So, she pretty much picks and chooses what she likes, but she is also well aware of what society is telling her is a “boy thing” or a “girl thing”. She picks up that she’s supposed to love dresses, and is 100% behind that one, but also kind of gets that she’s supposed to be scared of beetles etc… (which apparently weirds out some of the other kids at school/summer camp when she wants to hold random insects). We’re just hopefully supporting her enough that she’s comfortable being “the weird girl that loves insects”. (although I think she sadly may mature past the point where she thinks intestinal gas is the funniest thing on the planet).

Kids will let you know what they think they are when they feel it. Not being absolutely candid is not a strength of most children.


Interesting responses. When I look at her, it’s pure love. I really don’t care what she likes, or the origins. I am in favor. When I talk to her, I think of her fine mind developing. All I care about is her safety and health, her happiness and well-being, knowing one day she will have to leave. But I try not to think about that. So, my job is not to get in her way. She did say to me the other day, “girls don’t do X.” And I responded, “Sure they do, if they want to.”. I don’t know where it came from. I even forgot what X is, but I remember that brief exchange. Yes, there are lots of influences.


My experience of puberty as a transwoman was a time of repeated suicide attempts, and I know plenty of other transpeople who had similar experiences. It is a good idea to not let your kids go through puberty if they show signs of being trans, and those signs will still be there without ridid gender roles. The traditionally male or female activities stuff is something we need to be moving away from using as a diagnostic tool.


My biggest regret is not figuring out I was trans at a younger age / being treated then. I will forever wonder what I would have been like if I could’ve avoided male puberty.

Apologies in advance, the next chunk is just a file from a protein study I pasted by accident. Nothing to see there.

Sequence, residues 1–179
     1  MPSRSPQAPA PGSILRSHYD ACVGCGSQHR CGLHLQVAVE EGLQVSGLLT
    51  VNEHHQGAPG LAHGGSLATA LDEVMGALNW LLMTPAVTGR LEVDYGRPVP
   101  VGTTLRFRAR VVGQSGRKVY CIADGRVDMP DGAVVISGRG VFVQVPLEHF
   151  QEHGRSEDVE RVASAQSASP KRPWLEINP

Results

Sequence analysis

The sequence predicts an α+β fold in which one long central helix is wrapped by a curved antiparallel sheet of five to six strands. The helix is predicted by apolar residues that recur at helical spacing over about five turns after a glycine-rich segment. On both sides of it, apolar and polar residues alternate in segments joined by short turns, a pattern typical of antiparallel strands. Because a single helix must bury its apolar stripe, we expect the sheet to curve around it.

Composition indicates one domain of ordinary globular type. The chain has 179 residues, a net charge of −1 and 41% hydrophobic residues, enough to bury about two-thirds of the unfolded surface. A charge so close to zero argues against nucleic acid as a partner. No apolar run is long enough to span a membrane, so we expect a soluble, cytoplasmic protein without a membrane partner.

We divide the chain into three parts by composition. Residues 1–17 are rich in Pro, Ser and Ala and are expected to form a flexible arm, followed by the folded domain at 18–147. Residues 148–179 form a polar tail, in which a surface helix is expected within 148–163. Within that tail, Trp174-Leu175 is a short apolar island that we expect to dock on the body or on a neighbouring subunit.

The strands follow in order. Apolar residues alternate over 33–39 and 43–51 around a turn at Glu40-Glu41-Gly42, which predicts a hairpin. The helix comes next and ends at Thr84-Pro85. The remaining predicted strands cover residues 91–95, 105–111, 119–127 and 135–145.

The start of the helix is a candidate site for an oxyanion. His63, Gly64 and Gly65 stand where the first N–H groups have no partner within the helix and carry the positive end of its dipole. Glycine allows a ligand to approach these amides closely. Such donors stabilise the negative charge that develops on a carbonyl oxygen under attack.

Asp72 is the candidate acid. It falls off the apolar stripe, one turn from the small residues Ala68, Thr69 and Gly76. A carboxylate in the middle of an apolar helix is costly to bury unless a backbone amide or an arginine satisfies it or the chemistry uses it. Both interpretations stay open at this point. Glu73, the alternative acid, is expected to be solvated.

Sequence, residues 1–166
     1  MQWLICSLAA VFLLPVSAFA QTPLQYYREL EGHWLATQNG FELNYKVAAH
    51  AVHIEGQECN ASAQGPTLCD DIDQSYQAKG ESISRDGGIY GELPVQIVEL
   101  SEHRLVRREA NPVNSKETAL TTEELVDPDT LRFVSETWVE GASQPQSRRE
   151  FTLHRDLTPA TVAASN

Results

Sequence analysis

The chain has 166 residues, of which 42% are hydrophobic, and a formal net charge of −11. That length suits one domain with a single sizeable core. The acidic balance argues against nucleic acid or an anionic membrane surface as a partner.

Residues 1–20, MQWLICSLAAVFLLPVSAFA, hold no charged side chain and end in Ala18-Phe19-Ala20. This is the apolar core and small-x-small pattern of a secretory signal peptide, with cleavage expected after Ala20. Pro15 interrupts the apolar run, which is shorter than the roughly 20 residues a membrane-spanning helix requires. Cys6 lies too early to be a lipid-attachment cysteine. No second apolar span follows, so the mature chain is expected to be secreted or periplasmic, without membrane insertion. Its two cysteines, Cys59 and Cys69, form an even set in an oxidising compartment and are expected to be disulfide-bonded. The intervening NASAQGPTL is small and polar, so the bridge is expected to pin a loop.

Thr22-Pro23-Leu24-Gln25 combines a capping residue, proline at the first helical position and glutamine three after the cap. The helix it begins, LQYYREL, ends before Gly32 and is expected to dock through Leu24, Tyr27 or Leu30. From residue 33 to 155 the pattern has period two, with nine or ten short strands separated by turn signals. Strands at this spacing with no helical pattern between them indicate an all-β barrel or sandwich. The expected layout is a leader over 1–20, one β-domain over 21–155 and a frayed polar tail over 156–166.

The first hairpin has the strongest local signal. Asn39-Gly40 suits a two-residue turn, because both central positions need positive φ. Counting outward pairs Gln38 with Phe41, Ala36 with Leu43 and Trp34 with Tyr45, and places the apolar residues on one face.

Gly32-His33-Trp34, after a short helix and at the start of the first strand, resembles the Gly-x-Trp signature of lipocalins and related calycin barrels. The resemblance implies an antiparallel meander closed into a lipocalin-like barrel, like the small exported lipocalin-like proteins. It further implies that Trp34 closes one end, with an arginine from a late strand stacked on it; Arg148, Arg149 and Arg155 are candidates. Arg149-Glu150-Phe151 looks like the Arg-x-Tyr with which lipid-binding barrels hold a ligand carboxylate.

The most frustrating piece is that I turned out to be a woman who just happened to be interested in things gendered for men, and have mental conditions that are only recognized in men / underdiagnosed among women.


This. I would have transitioned at a much younger age if it weren’t for this. I had too many people (not therapists, but other trans people mostly) tell me I wasn’t trans because I wasn’t extremely feminine. Not in appearance, but in behavior and interests. Then I read Kate Bornstein’s Gender Outlaw, and realized how much of what we perceive as being related to gender has absolutely nothing to do with gender. That book saved my life, because I realized it was totally ok that I identified as female even though I didn’t want to wear dresses and makeup 24/7 (I’m exaggerating, and I do sometimes like to wear dresses and makeup, I’m just not obsessed with it), go shopping for clothes for fun (I hate clothes shopping), and I’m actually good at math (I had more than one transwoman tell me I couldn’t possibly be a woman because women aren’t good at math).


Gender doesn’t have anything to with biology, reproduction or safety, it’s socially constructed way of seeing people and expecting them to behave in certain ways.